Santadi’s contemporary range starts with…
A popular Vermentino DOC, called “Villa Solais” (85% Vermentino and 15% local grape Nuragus) and is followed by three standout Carignan selections that define Cantina Santadi’s red wine range. The first, called “Grotta Rossa,” is a straightforward, stainless steel fermented 100% Carignan with abundant flavor and smooth textures. Small oak enters the picture with the middle red called “Rocca Rubia,” also 100% Carignan but from older, bush-trained, dry-farmed vines. The third wine, “Terre Brune” (95% Carignan and 5% local grape Bovaleddu) is the winery’s ultimate terroir expression from the estate’s oldest vines and best sites, picked intentionally late, cold soaked for two weeks and aged for up to 18 months in new French oak.
Two companion selections complete the red wine range.
Monica di Sardegna, an entry style red blend of two grapes – Monica and Carignano, both indigenous Latin varietals, is an authentic “peasant wine” with a rustic profile based on primary fruit. Stablemate “Cannonau di Sardegna Noras” is a more serious blend of 90% Cannonau and 10% Carignan from bush-trained vines. Cannonau, indigenous to Sardinia, is one of the Mediterranean’s true ancient varietals – the grape is over 3,500 years old. Santadi’s Noras is a “composition terroir” wine with a production of less than 3,000 cases.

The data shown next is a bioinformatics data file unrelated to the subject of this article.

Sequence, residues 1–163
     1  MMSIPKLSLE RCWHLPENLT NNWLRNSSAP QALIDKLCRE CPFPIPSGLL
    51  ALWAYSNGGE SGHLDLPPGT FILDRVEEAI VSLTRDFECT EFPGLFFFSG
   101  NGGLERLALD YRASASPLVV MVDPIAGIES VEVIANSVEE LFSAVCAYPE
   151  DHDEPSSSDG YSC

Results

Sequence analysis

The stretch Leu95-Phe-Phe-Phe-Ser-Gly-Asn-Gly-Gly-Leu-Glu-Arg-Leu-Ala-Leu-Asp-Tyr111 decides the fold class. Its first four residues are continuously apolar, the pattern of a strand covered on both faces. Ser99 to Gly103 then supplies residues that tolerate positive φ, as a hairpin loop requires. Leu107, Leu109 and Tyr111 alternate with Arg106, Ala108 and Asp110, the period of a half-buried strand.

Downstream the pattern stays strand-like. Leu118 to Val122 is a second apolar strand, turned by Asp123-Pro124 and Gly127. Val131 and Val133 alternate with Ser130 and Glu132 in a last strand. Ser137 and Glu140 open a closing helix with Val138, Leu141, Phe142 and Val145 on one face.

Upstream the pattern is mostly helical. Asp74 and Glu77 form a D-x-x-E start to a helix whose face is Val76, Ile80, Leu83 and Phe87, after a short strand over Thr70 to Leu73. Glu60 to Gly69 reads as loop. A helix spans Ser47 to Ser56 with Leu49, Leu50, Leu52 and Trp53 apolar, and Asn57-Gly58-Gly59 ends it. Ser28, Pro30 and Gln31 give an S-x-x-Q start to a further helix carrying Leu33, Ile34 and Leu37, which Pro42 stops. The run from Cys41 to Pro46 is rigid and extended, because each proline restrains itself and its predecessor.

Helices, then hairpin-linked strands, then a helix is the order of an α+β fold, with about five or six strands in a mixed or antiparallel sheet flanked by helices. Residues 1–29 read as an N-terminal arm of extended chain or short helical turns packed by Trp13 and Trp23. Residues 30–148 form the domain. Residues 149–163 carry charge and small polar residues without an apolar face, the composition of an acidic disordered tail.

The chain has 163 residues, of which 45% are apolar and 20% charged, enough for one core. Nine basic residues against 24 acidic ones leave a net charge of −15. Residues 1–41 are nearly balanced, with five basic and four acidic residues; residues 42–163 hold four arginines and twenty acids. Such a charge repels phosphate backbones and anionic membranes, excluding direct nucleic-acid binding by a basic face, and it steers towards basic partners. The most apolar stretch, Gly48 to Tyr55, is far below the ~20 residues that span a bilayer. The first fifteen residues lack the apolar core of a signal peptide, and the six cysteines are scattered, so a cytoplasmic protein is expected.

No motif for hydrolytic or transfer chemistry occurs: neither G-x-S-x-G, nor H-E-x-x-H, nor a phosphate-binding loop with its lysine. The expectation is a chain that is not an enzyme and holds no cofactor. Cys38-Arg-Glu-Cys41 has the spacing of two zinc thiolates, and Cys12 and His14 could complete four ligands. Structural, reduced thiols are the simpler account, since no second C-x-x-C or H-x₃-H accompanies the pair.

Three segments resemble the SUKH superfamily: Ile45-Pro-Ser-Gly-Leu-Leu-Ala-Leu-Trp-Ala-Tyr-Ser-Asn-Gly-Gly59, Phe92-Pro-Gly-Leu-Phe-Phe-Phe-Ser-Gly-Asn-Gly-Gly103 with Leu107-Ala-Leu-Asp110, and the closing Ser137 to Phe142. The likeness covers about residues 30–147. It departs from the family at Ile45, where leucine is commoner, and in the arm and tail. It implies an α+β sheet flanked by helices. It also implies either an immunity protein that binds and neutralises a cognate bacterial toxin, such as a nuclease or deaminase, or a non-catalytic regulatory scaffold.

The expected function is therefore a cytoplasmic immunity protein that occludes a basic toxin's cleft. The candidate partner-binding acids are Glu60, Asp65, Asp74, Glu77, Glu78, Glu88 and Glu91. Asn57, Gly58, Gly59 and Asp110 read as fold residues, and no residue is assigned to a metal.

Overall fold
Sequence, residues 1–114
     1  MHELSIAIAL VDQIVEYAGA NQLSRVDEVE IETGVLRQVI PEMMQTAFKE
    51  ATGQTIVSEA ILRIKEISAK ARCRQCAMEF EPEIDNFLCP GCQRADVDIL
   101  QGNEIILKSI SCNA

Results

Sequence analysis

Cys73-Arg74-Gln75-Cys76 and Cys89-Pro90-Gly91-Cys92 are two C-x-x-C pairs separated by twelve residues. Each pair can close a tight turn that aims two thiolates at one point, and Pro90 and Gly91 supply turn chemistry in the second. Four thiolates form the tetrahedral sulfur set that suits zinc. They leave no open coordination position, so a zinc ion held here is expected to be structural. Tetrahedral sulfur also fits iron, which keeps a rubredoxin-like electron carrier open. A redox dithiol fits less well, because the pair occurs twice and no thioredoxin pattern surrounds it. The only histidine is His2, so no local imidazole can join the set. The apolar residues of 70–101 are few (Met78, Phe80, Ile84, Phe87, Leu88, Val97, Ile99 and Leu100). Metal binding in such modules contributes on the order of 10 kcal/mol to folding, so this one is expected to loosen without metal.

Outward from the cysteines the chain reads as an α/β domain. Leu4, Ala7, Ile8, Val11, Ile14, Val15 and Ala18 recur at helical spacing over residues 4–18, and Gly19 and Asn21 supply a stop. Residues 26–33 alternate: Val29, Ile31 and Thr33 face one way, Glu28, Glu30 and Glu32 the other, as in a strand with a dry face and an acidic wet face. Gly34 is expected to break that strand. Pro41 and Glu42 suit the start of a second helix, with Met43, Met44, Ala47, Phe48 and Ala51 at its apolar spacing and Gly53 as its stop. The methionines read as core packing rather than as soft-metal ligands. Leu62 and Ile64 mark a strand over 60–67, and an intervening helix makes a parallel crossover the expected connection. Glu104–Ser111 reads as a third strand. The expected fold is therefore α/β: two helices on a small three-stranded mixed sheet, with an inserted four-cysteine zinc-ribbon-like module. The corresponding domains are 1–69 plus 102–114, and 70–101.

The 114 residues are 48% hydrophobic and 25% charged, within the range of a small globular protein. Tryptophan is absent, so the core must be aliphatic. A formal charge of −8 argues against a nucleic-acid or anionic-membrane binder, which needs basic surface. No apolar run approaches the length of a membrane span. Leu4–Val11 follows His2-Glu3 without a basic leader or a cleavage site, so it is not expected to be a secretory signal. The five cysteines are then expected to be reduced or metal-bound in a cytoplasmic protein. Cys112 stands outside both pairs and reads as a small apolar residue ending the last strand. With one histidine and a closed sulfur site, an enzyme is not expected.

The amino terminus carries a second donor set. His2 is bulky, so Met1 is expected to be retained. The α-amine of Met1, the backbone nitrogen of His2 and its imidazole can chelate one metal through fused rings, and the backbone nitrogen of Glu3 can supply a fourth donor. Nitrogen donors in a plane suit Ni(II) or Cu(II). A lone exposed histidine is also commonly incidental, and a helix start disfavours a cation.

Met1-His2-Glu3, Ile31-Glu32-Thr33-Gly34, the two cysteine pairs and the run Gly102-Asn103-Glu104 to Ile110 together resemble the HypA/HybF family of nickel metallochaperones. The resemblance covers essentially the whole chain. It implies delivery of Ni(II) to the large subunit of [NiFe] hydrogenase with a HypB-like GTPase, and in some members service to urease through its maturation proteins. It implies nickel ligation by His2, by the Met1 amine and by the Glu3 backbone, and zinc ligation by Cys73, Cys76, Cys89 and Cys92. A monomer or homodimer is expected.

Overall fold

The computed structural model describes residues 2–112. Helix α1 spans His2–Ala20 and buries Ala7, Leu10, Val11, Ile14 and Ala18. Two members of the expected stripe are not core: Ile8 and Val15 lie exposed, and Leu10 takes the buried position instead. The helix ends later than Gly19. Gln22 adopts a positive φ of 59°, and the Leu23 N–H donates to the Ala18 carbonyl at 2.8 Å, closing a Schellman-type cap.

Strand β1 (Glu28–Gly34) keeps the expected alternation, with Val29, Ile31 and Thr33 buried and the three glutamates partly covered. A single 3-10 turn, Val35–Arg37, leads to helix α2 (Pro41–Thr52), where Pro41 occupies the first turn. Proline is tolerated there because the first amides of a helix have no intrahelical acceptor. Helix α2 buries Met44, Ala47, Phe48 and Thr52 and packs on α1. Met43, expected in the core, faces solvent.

Summer can be tricky time on the west coast where it seems no two summers are ever the same. But no matter what kind of summer we’re having, they all go better with delicious wines by your side. This is especially true of Italian wines. Summer just brings out the best in them. Why not take a tasty trip through your friendly neighborhood Italian terroir one-stop shop this summer. I’ve already drafted the shopping list. Cheers!
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Thanks everyone and happy tastings!